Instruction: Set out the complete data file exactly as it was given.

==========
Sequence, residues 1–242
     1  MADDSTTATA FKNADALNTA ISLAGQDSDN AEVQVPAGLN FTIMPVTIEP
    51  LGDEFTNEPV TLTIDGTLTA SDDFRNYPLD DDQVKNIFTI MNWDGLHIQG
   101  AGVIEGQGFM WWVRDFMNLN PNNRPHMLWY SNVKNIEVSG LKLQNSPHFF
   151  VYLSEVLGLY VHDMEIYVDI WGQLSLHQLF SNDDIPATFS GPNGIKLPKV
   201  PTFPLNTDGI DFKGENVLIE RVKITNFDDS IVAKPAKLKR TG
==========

Sequence, residues 1–242
     1  MADDSTTATA FKNADALNTA ISLAGQDSDN AEVQVPAGLN FTIMPVTIEP
    51  LGDEFTNEPV TLTIDGTLTA SDDFRNYPLD DDQVKNIFTI MNWDGLHIQG
   101  AGVIEGQGFM WWVRDFMNLN PNNRPHMLWY SNVKNIEVSG LKLQNSPHFF
   151  VYLSEVLGLY VHDMEIYVDI WGQLSLHQLF SNDDIPATFS GPNGIKLPKV
   201  PTFPLNTDGI DFKGENVLIE RVKITNFDDS IVAKPAKLKR TG